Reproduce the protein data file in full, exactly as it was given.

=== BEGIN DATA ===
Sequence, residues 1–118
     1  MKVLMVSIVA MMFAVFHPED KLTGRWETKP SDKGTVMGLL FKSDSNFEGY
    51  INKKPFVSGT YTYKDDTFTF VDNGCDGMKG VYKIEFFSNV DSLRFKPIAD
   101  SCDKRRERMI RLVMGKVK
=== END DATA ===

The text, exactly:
Sequence, residues 1–118
     1  MKVLMVSIVA MMFAVFHPED KLTGRWETKP SDKGTVMGLL FKSDSNFEGY
    51  INKKPFVSGT YTYKDDTFTF VDNGCDGMKG VYKIEFFSNV DSLRFKPIAD
   101  SCDKRRERMI RLVMGKVK